TAMPA -- Get this: 7 in 10 drivers admit to texting behind the wheel, according to a survey from AT&T.

It’s a sickening statistic for Port Richey father Steve Augello. His 17-year-old daughter died in 2008 when she was hit by a distracted driver. The driver of the other car and their passenger were also killed in the crash.

Augello gave the students at Plant High School in South Tampa an eye-opening experience Friday.

Many students cried hearing from the dad who says had that driver not sent that one text message, she would still be alive today.

“I watch the students as I tell me story and I can tell it really impacts them. A lot of them thank me for speaking with them and promise they will put their phones away and tell others to do the same. If I can reach one student and really change their behavior, then it’s all worth it,” Augello explained.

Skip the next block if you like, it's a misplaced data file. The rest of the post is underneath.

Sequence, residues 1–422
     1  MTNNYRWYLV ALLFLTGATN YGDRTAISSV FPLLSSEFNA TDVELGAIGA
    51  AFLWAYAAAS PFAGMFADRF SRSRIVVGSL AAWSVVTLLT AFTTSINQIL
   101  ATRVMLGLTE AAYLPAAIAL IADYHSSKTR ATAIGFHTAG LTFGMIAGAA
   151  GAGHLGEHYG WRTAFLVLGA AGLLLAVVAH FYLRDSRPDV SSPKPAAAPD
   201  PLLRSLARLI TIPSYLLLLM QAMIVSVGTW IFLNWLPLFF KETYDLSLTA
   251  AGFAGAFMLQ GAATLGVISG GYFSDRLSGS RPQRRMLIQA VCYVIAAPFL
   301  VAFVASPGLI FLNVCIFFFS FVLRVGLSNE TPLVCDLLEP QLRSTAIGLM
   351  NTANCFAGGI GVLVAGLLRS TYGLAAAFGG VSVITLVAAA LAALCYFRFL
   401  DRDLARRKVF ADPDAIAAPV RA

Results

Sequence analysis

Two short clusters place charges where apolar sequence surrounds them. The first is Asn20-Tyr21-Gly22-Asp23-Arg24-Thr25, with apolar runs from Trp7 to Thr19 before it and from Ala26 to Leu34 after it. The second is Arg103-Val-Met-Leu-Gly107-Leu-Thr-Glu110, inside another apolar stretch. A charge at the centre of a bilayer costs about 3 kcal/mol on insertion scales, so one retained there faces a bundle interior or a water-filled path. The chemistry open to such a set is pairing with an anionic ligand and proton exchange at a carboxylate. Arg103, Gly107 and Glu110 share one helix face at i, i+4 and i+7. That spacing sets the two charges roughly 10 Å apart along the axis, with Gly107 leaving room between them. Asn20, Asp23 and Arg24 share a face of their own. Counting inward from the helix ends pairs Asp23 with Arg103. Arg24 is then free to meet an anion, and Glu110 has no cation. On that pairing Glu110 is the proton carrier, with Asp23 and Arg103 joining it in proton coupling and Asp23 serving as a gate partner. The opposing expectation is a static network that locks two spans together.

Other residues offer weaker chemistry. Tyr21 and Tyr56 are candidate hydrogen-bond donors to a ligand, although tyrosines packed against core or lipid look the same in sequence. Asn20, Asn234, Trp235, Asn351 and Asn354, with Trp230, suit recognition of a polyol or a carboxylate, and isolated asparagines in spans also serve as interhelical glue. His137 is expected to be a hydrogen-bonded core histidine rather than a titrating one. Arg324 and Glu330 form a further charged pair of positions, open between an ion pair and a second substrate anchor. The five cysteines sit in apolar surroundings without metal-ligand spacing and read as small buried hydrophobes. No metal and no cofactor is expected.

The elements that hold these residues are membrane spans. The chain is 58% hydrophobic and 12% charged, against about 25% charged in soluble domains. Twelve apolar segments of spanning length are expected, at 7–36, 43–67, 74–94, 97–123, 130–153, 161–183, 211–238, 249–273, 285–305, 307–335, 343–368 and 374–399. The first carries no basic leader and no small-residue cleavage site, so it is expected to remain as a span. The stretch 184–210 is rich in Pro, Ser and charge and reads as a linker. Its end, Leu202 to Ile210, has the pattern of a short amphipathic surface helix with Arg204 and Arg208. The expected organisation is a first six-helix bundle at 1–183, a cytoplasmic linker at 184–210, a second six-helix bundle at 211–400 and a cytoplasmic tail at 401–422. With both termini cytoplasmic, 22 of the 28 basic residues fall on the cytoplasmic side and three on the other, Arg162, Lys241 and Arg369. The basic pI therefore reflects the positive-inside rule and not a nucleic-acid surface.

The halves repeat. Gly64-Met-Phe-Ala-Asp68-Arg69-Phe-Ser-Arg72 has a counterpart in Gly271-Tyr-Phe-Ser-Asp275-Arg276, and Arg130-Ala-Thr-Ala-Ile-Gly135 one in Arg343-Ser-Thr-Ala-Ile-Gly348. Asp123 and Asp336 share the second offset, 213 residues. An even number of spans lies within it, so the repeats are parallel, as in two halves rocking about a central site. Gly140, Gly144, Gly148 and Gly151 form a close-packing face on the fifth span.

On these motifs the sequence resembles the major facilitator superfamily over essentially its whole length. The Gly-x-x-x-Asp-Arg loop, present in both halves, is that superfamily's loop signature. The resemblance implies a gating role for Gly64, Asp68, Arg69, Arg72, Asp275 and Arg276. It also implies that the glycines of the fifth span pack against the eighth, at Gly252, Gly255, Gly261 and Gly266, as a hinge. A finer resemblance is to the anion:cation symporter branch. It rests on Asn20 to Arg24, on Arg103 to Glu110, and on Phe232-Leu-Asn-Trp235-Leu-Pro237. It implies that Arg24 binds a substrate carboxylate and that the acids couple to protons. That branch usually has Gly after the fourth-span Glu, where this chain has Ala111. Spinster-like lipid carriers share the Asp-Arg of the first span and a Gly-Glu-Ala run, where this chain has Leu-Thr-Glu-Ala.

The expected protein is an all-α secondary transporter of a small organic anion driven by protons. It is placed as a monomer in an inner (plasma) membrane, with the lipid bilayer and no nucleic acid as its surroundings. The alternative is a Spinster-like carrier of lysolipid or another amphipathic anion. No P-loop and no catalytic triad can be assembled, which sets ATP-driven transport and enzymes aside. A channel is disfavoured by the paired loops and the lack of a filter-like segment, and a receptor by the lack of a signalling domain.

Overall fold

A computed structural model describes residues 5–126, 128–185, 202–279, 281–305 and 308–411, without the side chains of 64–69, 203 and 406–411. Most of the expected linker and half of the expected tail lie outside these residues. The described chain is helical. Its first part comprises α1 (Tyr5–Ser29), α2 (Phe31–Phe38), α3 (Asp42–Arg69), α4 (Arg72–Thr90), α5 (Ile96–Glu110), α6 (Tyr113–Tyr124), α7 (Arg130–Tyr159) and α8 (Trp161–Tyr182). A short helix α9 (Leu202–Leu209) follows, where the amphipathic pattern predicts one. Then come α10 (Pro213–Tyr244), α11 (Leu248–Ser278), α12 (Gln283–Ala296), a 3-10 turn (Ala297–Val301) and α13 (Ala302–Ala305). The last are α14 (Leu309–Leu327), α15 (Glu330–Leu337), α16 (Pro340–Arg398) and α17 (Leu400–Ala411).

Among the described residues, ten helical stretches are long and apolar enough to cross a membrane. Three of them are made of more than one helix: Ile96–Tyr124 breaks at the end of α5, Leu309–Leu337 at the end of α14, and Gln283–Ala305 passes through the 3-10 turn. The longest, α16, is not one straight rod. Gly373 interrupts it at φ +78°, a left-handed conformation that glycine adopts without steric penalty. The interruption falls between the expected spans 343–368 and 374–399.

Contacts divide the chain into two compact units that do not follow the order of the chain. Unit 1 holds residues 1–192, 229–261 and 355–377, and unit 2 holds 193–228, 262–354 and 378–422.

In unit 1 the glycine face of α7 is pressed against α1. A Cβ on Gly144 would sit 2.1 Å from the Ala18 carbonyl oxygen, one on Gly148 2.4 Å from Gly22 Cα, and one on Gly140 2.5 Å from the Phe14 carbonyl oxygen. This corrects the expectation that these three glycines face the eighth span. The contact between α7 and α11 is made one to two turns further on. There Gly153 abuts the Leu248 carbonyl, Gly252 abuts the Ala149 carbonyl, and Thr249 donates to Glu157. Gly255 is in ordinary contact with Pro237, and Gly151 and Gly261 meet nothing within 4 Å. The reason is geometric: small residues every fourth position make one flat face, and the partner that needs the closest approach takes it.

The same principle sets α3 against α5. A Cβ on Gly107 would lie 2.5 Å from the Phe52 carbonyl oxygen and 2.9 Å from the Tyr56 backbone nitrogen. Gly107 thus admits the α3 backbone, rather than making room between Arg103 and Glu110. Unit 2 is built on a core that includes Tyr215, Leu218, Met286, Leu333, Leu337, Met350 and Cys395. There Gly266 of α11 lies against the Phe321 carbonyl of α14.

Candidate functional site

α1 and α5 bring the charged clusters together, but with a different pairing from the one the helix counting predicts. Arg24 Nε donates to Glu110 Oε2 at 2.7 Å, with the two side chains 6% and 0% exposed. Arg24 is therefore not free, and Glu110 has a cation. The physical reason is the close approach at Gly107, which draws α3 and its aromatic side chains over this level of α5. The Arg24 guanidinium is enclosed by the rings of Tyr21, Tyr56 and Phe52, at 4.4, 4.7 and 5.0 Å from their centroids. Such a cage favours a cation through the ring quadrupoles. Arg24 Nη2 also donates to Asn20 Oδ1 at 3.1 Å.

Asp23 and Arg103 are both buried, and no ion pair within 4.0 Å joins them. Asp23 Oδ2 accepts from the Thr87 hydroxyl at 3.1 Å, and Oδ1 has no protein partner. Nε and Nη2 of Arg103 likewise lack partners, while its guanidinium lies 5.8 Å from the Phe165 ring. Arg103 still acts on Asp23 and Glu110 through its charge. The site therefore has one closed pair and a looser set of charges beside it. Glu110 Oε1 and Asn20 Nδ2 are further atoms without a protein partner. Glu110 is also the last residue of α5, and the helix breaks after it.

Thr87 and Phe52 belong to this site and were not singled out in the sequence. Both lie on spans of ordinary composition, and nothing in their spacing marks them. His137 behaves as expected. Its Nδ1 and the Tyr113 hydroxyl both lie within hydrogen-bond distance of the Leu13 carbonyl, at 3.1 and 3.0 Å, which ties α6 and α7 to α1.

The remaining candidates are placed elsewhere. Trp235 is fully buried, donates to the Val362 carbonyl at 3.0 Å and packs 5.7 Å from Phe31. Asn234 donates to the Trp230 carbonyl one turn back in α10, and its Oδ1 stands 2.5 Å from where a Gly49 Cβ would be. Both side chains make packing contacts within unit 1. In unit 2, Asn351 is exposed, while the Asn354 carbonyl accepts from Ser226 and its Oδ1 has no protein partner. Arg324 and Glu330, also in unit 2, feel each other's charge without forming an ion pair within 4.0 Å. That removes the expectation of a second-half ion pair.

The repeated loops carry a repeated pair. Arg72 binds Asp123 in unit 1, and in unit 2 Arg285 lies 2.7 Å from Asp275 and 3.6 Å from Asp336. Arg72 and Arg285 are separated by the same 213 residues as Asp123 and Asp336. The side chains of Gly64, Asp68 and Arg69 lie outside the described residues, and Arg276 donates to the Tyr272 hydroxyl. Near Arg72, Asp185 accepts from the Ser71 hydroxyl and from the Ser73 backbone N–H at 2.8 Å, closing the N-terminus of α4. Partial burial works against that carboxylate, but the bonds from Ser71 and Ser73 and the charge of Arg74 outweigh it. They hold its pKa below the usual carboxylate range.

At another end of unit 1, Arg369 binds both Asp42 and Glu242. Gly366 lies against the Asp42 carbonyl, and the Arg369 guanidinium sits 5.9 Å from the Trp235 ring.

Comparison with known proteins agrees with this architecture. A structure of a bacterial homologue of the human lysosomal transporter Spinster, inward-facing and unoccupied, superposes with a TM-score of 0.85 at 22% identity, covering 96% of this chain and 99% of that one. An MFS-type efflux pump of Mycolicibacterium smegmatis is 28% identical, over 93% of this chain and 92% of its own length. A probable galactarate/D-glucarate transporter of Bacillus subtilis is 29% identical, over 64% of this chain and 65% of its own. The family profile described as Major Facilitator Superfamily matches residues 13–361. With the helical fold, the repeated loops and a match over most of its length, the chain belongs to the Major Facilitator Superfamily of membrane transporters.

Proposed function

The teens also used a virtual reality simulator inside their driver's education classroom, and the students saw how one distraction can cause a fatal crash within less than a second.

Steve Augello plans to go to Tallahassee to again push for stricter laws in Florida for drivers who text.

Texting behind the wheel is illegal, but the fine is only $30 for a first offense, $60 for a second offense. Augello is working to at least get the penalties doubled, to prevent another tragedy.